Outcome evaluation of an early psychosis program using pre-post comparison and propensity matching

Gibbons, Vanessa (2005) Outcome evaluation of an early psychosis program using pre-post comparison and propensity matching. Masters thesis, Memorial University of Newfoundland.

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Abstract

Early Psychosis Programs have been developed as a solution to reduce delays and improve outcome for first episode psychotic patients. Evaluations of the programs worldwide have found that the programs help reduce symptoms and hospitalizations and improve quality of life. The purpose of this thesis is to evaluate the overall impact of the Newfoundland and Labrador Early Psychosis Program (NL Program) for its patients. Traditionally, programs are evaluated by pre-post methodology. However, this method may have limitations since it does not use standard control groups and any changes seen in the patients from entry to completion of the program may be due to natural events, such as maturation and changes in hormones, since the patients tend to be fairly young. Therefore, this study will test a novel methodology, propensity matching, as an alternative method to evaluate the NL Program. The patients are matched to a national population from the Canadian Community Health Survey (CCHS) on several clinical and social outcomes to determine how the patients differ from the general population at entry into the NL Program and then after two years, to see if they converge back to the population after completing the NL Program. Propensity matching results are then compared to the pre-post results. Analysis of the data found the propensity matching methodology did produce similar results as the pre-post evaluation approach on social and clinical outcomes such as reducing substance use, depression, hospitalizations and suicide, and improving quality of life and vocational functioning. In conclusion, this study found the NL Program is having a major treatment effect for its patients, and propensity matching may serve as a model in future evaluations in mental health research.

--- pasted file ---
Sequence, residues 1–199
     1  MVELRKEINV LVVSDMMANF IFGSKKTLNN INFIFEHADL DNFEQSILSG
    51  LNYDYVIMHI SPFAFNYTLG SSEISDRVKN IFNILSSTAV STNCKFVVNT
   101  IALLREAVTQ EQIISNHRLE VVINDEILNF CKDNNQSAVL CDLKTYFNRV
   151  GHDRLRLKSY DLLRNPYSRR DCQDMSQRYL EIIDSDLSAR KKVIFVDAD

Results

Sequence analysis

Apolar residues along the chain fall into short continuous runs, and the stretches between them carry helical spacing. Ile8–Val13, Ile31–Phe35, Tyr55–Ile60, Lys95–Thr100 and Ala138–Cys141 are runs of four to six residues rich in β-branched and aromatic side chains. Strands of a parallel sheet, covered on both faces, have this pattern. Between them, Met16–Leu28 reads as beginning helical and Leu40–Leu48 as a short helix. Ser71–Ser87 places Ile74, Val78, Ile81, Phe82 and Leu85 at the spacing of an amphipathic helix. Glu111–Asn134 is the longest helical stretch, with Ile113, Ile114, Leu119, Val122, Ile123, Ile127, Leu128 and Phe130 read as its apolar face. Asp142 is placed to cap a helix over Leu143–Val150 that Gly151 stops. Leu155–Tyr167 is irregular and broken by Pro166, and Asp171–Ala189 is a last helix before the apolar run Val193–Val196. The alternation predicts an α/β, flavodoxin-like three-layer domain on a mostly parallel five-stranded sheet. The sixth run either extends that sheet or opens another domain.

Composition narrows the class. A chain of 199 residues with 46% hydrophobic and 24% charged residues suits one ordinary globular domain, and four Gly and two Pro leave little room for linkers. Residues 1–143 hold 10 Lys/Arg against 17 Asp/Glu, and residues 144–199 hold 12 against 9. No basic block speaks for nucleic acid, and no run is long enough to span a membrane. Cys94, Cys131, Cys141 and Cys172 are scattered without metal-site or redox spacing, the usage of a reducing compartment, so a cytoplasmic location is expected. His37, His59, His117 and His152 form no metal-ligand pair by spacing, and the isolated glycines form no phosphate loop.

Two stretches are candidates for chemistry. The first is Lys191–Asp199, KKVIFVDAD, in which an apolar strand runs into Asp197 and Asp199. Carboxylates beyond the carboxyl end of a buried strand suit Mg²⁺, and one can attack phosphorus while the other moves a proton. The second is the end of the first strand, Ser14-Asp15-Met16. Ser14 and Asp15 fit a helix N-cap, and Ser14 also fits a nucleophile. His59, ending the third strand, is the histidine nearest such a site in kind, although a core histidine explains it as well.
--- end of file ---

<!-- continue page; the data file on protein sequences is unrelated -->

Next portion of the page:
Item Type: Thesis (Masters)
URI: http://research.library.mun.ca/id/eprint/10544
Item ID: 10544
Additional Information: Includes biblographic references (leaves 115-123).
Department(s): Medicine, Faculty of
Date: 2005
Date Type: Submission
Library of Congress Subject Heading: Psychoses--Chemotherapy--Newfoundland and Labrador; Psychoses--Treatment--Newfoundland and Labrador.
Medical Subject Heading: Psychotic Disorders--drug therapy--Newfoundland and Labrador.

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